Finally, and most significantly, one-half of the sentencing hearing, covering many pages of the transcript, dealt solely with the question of whether consecutive or concurrent terms should be imposed. Had the judge thought this issue entirely foreclosed by the guidelines, the entire discussion would have been merely an academic exercise. Thus, nothing in the record supports Kezerle's assertion that the district judge misunderstood his discretion when he imposed a consecutive term.
Kezerle's final argument is that the district court should have considered the "global calculation" methodology, under which a district court considers what the defendant's aggregate sentence would have been had all of his offenses (i.e., both the offenses for which he is serving the undischarged term of imprisonment and the offenses for which he is being sentenced) been federal offenses for which sentences were imposed at the same time. This methodology appears in the comment to the 1994 version of U.S.S.G. § 5G1.3 but not in its 1995 form. Because a defendant may be sentenced only under the guidelines in effect at the time of sentencing (or, if use of that version would violate the ex post facto clause, then the guidelines in effect at the time of the commission of the crime of conviction), U.S.S.G. § 1B1.11, United States v. Brassell, 49 F.3d 274, 277 (7th Cir.1995)--and even then, the chosen version must be applied in entirety, United States v. Boula, 997 F.2d 263, 265-66 (7th Cir.1993)--the methodology of the 1994 guidelines is irrelevant for this case.
Finally, we pause to note that a claim that a seasoned judge--and Judge Andersen here fits that definition--didn't understand his discretion will rarely, if ever, be successful when built merely on inference. Article III judges are presumed to know the law, and Judge Andersen did in this case. The judge had, and the record supports the conclusion that he knew he had, the authority to sentence Kezerle to either a concurrent, partially concurrent, or consecutive term. Such was the law in 1987, and so it is today. Kezerle received a consecutive sentence not because Judge Andersen thought he had no options, but rather because Kezerle's horrid record called for a stiff jolt. We affirm the judgment of the district court.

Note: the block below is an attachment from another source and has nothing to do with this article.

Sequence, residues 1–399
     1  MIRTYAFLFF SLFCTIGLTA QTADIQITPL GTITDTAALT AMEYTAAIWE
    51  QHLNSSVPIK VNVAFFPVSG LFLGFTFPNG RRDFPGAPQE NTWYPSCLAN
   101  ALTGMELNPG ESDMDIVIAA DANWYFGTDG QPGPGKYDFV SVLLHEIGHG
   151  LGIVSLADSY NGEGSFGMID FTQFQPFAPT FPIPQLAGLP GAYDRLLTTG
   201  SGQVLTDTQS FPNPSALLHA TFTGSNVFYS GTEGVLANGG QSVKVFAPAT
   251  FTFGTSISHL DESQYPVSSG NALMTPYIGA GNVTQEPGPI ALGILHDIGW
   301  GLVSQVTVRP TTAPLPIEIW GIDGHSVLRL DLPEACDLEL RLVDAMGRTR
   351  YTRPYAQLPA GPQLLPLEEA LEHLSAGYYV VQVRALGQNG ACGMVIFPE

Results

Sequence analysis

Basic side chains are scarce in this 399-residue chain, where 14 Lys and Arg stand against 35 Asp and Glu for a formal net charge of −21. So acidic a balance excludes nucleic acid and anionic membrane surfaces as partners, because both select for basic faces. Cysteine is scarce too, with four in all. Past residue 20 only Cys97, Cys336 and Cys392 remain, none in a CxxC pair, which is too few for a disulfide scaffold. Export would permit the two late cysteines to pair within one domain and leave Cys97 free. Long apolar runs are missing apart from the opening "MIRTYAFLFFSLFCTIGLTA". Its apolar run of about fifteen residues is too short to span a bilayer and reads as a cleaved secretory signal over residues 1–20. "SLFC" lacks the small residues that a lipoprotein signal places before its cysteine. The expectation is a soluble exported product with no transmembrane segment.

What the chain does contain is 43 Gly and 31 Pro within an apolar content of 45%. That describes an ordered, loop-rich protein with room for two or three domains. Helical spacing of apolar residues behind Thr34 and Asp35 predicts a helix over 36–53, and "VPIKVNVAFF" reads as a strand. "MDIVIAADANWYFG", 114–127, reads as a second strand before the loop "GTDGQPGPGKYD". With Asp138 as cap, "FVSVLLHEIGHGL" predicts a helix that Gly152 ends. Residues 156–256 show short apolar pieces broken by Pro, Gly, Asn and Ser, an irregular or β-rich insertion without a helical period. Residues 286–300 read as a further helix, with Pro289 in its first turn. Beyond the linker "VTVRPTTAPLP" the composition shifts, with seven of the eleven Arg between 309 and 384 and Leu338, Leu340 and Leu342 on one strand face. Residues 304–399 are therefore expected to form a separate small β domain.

The calculations used to reach this total offense level are rather complex, involving various groupings and multiple-count adjustments. At Kezerle's sentencing hearing, the government did raise a question as to whether Kezerle's total offense level should have been 31, rather than 28. Given Kezerle's criminal history category of VI, however, either offense level would have placed his guideline sentencing range above the statutory maximum sentence of 10 years imprisonment for arson, and thus, regardless of which offense level the court considered, Kezerle's sentence would have been the same--the statutory maximum. In any event, neither party raises any issues related to Kezerle's total offense level in this appeal
We have also noted that amendments to § 5G1.3 subsequent to the 1987 version gave district courts the discretion to fashion appropriate concurrent or consecutive sentences, thereby "clarif[ying] authority already possessed pursuant to 18 U.S.C. § 3584(a)." United States v. Goudy, 78 F.3d 309, 314 n. 4 (7th Cir.1996)
At oral argument, Kezerle's counsel argued--for the first time--that the district court failed to recognize its authority under Goudy to sentence Kezerle to a partially concurrent term of imprisonment. As this argument was raised for the first time at oral argument, we need not address it. Sample v. Aldi, Inc., 61 F.3d 544, 551 n. 1 (7th Cir.1995) (argument which was raised for the first time at oral argument was waived for purposes of appeal).